In a basement classroom in Ohio State’s Arps Hall, a cohort of Mexican teachers wearing tennis shoes and Buckeye nametags tackled the biggest challenge of their month-long study abroad experience.
Their research poster showcase was two days away. Spanish and English intermingled as the teachers fine-tuned presentations, rehearsing and re-rehearsing talking points as doctoral students from the Department of Teaching and Learning offered critiques. The culmination of their training was aimed at something few Ohio schools do: Teaching bilingual education.
While just a handful of public schools in Ohio teach world language in elementary and early middle school, Mexico is expanding its English curricula.
“They’re moving English all the way down to kindergarten now,” said Peter Sayer, associate professor of foreign, second and multilingual language education. “What that means is, you can’t just flip the switch and say, ‘Now we’re teaching English.’ You’ve got to have teachers, and where are those teachers coming from?”
Faced with training 98,000 new teachers, Mexico’s Ministry of Education and private donors funded July’s Summer Institute for Teaching Innovation for English Educators at Ohio State. The College of Education and Human Ecology recruited instructors, planned cultural events and worked out logistics to train 87 English teachers and educators from six Mexican states. When they return, the group will train still more teachers in Mexico.
Introducing language-teaching innovation
Teaching language is no longer about verb conjugation and grammar, but involves communication and intercultural awareness, Sayer said.
So Sayer and other faculty, together with local teachers, led 50 workshops on subjects like project-based learning, digital storybooks and learning language through math. Instructors modeled good teaching while helping the Mexican teachers perfect their own English skills.
And attendees learned by immersing themselves in the locale: going to a Clippers baseball game, touring the Ohio State House and attending July Fourth festivities. To spur interaction with locals, they were given Buck-IDs charged with cash for area restaurants and bus passes to travel downtown.
“We emphasized language and culture — that culture is embedded in the language,” said Ivan Stefano, director of the Workplace and Professional English program who helped coordinate and design the institute.
In an era of political division and alienating Twitter manifestos, the cultural message from the United States has been less than welcoming lately. The institute has helped build comity.
“Regardless of what you’re teaching, it’s really about building relationships,” said doctoral student Nicole King, who helped recruit trainers and implement the conference. “I love the fact that every day I go into the workshops to take attendance and the teachers, say, oh, that’s Nicole.”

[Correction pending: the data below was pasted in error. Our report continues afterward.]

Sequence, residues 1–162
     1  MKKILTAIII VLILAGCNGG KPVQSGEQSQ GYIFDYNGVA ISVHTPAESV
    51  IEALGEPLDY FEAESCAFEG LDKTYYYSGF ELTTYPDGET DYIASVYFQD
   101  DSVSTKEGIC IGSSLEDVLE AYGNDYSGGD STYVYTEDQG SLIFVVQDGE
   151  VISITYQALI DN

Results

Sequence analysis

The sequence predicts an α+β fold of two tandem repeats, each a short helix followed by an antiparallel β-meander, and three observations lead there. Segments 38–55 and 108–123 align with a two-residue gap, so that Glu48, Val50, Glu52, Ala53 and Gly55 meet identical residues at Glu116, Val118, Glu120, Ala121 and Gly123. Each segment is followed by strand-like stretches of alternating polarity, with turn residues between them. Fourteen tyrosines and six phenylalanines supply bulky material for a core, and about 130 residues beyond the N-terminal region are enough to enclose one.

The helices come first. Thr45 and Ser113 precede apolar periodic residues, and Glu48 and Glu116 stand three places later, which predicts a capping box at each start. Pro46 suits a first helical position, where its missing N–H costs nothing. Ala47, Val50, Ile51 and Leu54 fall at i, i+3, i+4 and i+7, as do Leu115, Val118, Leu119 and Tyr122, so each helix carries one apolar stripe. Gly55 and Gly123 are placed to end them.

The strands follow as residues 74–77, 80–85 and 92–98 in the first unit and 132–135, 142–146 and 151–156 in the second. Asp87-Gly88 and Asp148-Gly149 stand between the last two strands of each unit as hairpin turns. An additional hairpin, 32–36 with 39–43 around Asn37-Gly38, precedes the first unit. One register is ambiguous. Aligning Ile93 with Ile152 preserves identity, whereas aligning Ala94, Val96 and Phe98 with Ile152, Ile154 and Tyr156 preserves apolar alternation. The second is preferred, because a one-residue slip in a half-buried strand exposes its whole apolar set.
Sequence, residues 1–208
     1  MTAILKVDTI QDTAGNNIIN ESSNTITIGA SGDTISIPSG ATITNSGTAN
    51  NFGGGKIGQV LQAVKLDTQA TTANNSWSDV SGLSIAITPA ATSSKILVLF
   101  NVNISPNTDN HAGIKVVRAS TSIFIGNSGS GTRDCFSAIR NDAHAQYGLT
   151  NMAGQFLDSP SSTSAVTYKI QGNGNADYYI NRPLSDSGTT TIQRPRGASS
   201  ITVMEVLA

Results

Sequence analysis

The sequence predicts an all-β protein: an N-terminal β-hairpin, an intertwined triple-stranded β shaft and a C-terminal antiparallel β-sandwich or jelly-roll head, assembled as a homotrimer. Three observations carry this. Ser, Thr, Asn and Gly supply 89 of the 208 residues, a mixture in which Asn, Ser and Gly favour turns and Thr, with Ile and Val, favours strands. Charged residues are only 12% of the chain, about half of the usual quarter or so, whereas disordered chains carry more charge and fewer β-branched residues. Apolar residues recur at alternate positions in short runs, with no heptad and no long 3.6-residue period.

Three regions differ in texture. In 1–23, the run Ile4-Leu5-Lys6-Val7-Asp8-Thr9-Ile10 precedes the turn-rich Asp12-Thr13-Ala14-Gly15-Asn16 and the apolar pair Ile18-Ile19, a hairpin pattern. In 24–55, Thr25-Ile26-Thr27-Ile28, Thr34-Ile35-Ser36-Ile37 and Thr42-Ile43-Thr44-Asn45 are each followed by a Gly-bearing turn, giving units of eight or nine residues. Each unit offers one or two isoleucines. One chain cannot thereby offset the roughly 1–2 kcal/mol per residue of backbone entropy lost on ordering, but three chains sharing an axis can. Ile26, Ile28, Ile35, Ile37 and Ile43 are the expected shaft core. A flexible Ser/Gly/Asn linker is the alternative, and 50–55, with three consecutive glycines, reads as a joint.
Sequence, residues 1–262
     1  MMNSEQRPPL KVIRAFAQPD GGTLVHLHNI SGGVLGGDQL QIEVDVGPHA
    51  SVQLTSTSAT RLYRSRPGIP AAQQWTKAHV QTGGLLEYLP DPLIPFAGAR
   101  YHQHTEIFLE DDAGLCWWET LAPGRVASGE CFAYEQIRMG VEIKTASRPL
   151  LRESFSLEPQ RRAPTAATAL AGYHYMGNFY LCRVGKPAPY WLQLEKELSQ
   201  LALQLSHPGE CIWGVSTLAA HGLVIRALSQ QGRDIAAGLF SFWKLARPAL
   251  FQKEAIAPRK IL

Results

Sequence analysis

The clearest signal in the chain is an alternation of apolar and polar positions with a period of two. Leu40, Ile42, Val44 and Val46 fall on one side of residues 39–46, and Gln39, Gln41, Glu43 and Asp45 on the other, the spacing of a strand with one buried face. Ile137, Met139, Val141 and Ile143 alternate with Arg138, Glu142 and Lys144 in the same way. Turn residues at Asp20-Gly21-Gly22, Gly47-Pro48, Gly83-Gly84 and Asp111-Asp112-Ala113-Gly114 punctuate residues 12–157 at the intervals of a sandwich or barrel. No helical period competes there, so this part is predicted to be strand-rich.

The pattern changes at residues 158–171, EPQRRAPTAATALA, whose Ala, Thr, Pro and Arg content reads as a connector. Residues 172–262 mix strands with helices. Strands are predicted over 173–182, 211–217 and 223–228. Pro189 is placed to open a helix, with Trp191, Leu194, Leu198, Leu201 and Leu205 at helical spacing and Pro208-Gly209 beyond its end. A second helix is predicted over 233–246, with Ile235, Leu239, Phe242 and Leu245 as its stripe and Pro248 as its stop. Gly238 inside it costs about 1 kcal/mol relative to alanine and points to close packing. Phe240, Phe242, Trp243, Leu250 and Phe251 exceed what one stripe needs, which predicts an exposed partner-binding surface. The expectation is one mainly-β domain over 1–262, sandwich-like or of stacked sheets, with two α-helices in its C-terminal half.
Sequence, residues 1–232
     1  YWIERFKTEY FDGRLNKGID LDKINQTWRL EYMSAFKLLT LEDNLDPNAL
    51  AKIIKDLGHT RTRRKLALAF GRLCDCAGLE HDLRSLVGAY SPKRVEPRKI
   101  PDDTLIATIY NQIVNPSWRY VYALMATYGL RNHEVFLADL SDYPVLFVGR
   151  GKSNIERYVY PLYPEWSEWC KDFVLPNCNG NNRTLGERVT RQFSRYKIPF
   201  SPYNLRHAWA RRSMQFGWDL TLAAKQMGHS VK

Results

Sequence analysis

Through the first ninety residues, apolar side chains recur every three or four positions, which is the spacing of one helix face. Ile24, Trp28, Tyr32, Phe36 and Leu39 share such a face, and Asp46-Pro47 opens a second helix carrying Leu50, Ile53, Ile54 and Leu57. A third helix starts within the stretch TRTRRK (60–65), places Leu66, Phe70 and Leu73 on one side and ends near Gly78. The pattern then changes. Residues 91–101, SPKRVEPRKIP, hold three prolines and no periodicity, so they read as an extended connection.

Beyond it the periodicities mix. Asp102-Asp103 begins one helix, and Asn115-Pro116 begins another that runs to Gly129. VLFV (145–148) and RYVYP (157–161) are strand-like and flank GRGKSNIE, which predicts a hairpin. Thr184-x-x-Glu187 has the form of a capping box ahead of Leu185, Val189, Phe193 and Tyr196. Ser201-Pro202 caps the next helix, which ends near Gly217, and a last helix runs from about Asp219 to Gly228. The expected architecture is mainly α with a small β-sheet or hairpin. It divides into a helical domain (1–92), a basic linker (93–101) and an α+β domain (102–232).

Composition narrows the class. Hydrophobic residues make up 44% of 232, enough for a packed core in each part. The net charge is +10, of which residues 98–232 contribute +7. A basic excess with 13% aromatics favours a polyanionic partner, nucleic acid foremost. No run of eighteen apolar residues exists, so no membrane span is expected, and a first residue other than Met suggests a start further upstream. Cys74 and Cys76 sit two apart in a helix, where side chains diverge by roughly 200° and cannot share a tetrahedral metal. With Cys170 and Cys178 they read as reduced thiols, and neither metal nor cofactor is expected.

“I have a personal connection with them; the teachers know me and they know I’m here to support them,” she said.
Rising above politics
While U.S. immigration policies remain open to debate, the teachers say they are responding to needs that transcend the issues. Though 65 million more people speak Spanish than English, the realms of business, finance, science, technology and culture demand fluency in the English language.
“I have to be prepared to help my students, to encourage, to motivate, to learn a second language because they are going to require it in a very mandatory way in the future,” said Nancy Rodriguez, who teaches seventh and eighth-grade English in Durango.
Just to attend a Mexican college, students must speak English. “Many books in the university come in English. How do you translate them?” said Laura Guadeloupe Zataráian Nogales, director of the Affairs and English Program in Sonora.
Throughout Mexico, multinational companies such as Volkswagen and Hyundai have bases of operation. Engineers and company executives don’t speak German or Korean at those plants. They speak English.
“You have an advantage on the other people applying for the job if you are able to communicate in a second or third language,” said Martin Rodriguez Guerrero, who works for Mexico’s National English Program.
The new public school curricula will give children 10 years of English education, he said.
That’s critical to opening employment doors for Mexicans, 44 percent of whom live below the national poverty line.
Then there are the “returnees,” children whose parents have been deported from the United States. Teachers at the institute say a number of them are in their classes, and those children need special instruction as well. The institute has better equipped them to help those students.
Rodriguez plans to use games as a vehicle to teach English, a strategy she outlined in her poster presentation. She has borrowed bulletin board ideas from Columbus Spanish Immersion Academy, which she and other teachers toured. One of her colleagues will teach visual arts using English, and others have made instructional storytelling videos to train more teachers.
“We are trying to build that foundation of strong, certified teachers,” Nogales said. And that, they know, can only be good for the students they serve.